The¬†shocking news on the internet is that¬†presentation coaches¬†have been telling you a lie: Mehrabian’s so-called “55 -¬†38 -¬†7 rule” is a myth.¬†
How shocked should you be? My take as a presentations coach is -¬†not very. The rule as it is usually presented in presentation workshops and seminars is¬†that only 7 percent of the “impact” of communication depends on the words used compared to 55 percent¬†on facial expression and 38 percent on voice, a¬†¬†discovery reported¬†by Dr Albert Mehrabian, a psychologist at UCLA in the late 1960s- early 1970s.
Hold on say the myth-busters doesn’t this mean words are unimportant. Have you ever tried to communicate without words? How far has that got you? And what about the times you got the words or¬†word¬† wrong (Sascha rather than Tascha,¬†Danny rather than Donny). Besides, they continue,¬†the rule applies only in very particular situations:¬†one-on-one, face-to-face conversations where someone is expressing their feelings (I would love to see you later, I really do want this job, Trust me, the check is in the mail) and the other person is making up their mind on whether or not to believe them. Clearly there is a lot of wiggle room for error.
What can you learn from this? (1) People will try to use academic research to sell you something. (2) People will also try to put down academic research to sell you something else. (2) Words do matter. (3) Far more than words matter. If you want to be believed pay attention¬†to what you say, how you say it and how you look when you say it.¬†And remember, there are more than three elements at work in any communication; pay attention to context too. And, yes, you might want to think about what your actions say about what you’re saying. (4) If Mehrabian had a nickel for every one who tried to make a buck putting him down or puffing him up, he’d be giving Donald Trump lessons on prime time. The big take away is that if you want to be believed you’re going to have to put some effort into persuading people. Shocking, isn’t it?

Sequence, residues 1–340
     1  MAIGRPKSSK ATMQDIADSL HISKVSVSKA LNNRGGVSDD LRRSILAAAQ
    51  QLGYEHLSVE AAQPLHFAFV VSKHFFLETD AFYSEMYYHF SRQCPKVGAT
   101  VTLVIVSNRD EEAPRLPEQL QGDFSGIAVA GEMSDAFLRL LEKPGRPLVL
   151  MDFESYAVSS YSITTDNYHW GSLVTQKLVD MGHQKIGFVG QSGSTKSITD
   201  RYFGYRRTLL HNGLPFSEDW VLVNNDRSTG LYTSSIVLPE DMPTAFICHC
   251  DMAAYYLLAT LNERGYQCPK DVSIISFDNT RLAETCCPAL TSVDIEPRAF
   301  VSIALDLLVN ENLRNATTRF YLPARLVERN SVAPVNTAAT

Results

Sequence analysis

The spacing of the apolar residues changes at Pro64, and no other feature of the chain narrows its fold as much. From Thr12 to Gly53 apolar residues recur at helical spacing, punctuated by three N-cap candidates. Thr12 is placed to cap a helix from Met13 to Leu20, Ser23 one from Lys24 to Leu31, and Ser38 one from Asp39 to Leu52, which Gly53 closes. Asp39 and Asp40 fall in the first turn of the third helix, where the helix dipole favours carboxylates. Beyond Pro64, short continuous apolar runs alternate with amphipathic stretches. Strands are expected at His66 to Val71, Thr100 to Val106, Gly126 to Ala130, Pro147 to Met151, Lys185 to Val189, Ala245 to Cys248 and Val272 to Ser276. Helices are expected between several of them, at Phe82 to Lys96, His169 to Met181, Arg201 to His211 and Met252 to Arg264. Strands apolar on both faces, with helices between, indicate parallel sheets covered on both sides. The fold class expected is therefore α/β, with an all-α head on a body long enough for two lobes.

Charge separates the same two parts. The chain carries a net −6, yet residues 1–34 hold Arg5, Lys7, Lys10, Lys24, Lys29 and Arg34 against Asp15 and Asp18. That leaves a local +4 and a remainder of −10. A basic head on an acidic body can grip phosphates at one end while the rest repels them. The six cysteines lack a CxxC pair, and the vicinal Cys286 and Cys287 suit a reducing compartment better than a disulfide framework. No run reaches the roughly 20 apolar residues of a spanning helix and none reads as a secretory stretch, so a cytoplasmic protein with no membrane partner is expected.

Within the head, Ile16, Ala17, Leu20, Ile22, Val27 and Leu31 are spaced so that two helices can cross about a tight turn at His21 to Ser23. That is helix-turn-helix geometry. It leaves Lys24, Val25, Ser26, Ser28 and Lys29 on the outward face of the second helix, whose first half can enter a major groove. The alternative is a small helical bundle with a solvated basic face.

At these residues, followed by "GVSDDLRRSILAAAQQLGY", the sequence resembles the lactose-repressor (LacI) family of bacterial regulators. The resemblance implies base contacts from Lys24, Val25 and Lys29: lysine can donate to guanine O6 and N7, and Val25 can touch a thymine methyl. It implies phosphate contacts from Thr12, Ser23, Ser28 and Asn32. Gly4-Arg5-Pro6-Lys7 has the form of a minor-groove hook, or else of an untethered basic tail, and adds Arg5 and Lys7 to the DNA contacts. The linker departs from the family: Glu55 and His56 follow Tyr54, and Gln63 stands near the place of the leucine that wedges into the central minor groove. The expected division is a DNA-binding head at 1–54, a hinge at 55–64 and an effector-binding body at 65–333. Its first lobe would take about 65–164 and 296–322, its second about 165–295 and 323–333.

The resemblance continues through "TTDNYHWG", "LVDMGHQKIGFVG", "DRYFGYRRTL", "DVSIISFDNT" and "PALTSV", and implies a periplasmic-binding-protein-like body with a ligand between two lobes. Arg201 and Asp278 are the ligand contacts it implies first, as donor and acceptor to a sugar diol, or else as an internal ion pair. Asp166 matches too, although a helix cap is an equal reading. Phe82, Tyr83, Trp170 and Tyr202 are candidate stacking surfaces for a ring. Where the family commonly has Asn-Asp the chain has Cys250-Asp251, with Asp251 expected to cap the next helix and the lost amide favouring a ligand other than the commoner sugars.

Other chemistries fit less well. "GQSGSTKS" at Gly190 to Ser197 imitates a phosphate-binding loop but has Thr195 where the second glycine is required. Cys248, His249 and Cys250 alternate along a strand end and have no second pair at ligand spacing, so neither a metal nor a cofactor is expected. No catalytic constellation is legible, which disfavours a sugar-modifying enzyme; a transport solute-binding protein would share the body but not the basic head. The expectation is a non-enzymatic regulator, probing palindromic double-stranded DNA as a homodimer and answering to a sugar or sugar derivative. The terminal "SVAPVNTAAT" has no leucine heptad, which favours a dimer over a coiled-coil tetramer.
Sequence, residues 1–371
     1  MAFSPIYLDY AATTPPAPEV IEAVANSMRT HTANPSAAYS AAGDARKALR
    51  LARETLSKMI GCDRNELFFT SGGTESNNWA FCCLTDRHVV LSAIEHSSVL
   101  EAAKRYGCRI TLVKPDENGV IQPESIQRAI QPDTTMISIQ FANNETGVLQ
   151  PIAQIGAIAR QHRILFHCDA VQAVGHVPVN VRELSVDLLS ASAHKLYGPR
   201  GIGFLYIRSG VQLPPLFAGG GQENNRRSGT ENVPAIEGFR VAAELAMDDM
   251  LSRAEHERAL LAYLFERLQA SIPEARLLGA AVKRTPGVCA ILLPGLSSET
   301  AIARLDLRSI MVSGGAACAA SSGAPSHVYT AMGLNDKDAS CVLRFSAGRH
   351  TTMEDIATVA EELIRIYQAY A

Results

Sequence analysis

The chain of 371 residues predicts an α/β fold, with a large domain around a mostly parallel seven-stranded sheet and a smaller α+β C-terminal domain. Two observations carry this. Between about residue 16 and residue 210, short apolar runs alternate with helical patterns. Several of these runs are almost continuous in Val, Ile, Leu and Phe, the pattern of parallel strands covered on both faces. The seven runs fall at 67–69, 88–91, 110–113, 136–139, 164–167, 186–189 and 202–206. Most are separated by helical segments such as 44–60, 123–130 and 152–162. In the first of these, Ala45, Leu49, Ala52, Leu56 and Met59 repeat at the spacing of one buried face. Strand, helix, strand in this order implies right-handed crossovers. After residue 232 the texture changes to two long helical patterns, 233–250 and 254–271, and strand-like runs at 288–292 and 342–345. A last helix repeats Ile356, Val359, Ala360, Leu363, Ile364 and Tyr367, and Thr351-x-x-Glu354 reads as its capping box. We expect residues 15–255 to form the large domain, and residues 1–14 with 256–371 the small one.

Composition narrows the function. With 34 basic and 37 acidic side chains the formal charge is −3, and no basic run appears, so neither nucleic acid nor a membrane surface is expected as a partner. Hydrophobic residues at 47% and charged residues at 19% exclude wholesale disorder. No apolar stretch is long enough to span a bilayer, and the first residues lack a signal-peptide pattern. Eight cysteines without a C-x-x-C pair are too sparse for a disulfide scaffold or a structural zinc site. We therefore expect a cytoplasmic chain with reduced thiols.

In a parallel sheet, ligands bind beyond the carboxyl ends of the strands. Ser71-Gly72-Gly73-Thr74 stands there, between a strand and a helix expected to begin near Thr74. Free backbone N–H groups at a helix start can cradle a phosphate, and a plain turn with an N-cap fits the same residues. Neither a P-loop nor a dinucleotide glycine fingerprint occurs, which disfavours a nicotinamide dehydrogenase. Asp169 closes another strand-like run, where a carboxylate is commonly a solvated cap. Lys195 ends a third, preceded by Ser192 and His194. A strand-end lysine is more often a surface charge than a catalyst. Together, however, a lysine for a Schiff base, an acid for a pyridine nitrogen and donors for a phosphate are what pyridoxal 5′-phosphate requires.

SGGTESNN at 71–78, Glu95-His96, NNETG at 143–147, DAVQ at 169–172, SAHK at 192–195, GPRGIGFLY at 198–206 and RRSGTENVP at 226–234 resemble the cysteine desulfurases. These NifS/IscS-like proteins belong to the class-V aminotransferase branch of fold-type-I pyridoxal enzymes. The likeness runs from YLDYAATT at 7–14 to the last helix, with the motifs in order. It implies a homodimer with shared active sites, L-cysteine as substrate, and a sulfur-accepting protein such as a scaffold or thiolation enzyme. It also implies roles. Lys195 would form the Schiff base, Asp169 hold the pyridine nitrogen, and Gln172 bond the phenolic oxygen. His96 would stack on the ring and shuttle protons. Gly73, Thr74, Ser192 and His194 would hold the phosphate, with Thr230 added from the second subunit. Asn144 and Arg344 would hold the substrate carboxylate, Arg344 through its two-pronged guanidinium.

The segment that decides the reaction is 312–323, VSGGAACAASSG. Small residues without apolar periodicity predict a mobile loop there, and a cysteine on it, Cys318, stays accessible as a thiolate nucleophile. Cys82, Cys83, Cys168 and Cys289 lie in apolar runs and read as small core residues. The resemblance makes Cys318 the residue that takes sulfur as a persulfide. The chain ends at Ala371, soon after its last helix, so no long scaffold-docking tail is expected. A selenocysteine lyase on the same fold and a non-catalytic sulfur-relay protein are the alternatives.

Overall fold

Recently the LinkedIn HR discussion group I follow asked the question: “PowerPoint slides loaded with paragraphs of text … is this laziness? Lack of awareness? Do people really think this is good visual support? What do you think?”
they don’t know they don’t know what their doing
they’re lazy and they¬†don’t know any better
it used to be ok, but not now. The world has moved on, but they haven’t
people who are afraid of public speaking do this in order to hide behind text-heavy slides
they have no respect for the audience